Journal of Forensic Dental Sciences
Users Online: 477 
Home Print this page  Email this page Small font size Default font size Increase font size
Wide layoutNarrow layoutFull screen layout
  Home | About JFDS | Editorial Board | Search | Ahead of print | Current Issue | Archives | Instructions | Subscribe | Online submission | Contact us | Advertise | Login 
ORIGINAL ARTICLE
Year : 2018  |  Volume : 10  |  Issue : 2  |  Page : 84-87

A comparative evaluation between cheiloscopic patterns and canine relationship in primary dentition


1 Department of Pedodontics and Preventive Dentistry, Saveetha Dental College, Saveetha University, Saveetha Institute of Medical and Technical Sciences, Chennai, Tamil Nadu, India
2 Department of Pedodontics and Preventive Dentistry, Meenakshi Ammal Dental College and Hospital, Chennai, Tamil Nadu, India

Correspondence Address:
R Vignesh
131, Medawakkam Tank Road, Kilpauk, Chennai - 600 010, Tamil Nadu
India
Login to access the Email id

Source of Support: None, Conflict of Interest: None


DOI: 10.4103/jfo.jfds_21_17

Rights and Permissions

Objective: The aim of this study was to evaluate the correlation between different cheiloscopic patterns with the canine relationship in deciduous dentition. Materials and Methods: Three-hundred children who were 3–6 years old with complete primary dentition were recruited and the relationships between maxillary and mandibular canines were recorded in the pro forma. Lip prints of the patients were recorded with the lipstick-cellophane method, and middle 10 mm of the lower lip was analyzed for the lip print pattern. The patterns were classified based on the Tsuchihashi and Suzuki classification. Results: Type II (branched) pattern was the most predominant cheiloscopic pattern. The predominant patterns which related to the terminal planes were Type IV (reticular) pattern for Class I, Type IV (reticular) and I (complete vertical) patterns for Class II, and the presence of Type V (irregular) pattern for Class III. Presence of Type I (complete vertical) and II (branched) patterns in males and Type II (branched) pattern alone in females can suggest for a Class II canine relationship. Conclusion: Lip prints can provide an alternative to dermatoglyphics to predict the canine relationship in primary dentition. Further studies with larger sample size are required to provide an insight into its significant correlations.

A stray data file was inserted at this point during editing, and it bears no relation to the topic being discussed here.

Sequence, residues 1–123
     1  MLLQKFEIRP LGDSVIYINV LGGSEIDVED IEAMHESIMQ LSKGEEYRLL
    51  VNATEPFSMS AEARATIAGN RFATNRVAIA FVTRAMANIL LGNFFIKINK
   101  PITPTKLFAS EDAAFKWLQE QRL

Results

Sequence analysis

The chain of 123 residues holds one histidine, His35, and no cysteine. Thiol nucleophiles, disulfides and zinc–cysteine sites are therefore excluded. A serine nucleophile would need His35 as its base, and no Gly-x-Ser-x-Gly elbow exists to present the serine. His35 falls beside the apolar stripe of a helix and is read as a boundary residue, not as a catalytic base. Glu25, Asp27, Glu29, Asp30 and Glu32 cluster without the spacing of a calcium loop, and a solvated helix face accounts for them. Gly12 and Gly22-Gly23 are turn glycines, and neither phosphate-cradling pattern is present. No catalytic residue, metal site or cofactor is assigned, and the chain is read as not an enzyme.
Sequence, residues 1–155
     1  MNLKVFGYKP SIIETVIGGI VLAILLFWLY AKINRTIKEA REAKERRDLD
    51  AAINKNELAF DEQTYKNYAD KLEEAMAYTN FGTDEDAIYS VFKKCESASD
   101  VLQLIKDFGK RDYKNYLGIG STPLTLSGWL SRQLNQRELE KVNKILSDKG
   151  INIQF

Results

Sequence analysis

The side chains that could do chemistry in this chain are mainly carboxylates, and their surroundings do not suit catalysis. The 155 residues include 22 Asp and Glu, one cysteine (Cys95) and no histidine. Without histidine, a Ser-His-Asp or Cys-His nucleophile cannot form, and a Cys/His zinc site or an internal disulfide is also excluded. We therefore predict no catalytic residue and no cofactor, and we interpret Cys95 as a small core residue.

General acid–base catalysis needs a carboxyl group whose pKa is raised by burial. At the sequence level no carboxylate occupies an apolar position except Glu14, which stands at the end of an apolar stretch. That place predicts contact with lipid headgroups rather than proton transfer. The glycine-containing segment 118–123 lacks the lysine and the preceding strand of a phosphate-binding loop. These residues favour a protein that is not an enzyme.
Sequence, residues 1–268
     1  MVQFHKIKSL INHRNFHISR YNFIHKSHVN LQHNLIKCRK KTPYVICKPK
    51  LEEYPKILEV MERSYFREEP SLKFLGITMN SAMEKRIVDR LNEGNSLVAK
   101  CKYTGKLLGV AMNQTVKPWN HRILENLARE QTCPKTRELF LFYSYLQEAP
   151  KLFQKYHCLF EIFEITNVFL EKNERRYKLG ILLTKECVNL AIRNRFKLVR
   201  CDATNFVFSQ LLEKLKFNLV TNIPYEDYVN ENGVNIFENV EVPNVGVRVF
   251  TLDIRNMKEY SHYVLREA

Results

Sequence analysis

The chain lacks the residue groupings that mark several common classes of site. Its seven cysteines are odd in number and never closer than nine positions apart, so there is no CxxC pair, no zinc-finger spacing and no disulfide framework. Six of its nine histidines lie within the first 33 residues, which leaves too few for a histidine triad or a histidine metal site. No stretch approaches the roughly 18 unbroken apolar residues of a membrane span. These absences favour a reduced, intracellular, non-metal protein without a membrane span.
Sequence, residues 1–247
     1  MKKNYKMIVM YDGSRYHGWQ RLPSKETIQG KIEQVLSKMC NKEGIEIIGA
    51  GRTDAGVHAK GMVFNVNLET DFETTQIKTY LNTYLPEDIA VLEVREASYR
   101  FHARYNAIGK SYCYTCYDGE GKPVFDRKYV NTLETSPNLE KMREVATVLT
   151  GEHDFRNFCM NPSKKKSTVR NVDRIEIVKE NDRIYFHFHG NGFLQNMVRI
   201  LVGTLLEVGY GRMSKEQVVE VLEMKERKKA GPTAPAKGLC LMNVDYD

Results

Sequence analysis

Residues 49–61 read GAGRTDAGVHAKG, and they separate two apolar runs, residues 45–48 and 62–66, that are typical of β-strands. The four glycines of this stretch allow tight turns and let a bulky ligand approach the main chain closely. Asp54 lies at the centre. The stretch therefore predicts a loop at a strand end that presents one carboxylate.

[FULL TEXT] [PDF]*
Print this article     Email this article
 Next article
 Previous article
 Table of Contents

 Similar in PUBMED
   Search Pubmed for
   Search in Google Scholar for
 Related articles
 Citation Manager
 Access Statistics
 Reader Comments
 Email Alert *
 Add to My List *
 * Requires registration (Free)
 

 Article Access Statistics
    Viewed787    
    Printed60    
    Emailed0    
    PDF Downloaded72    
    Comments [Add]    

Recommend this journal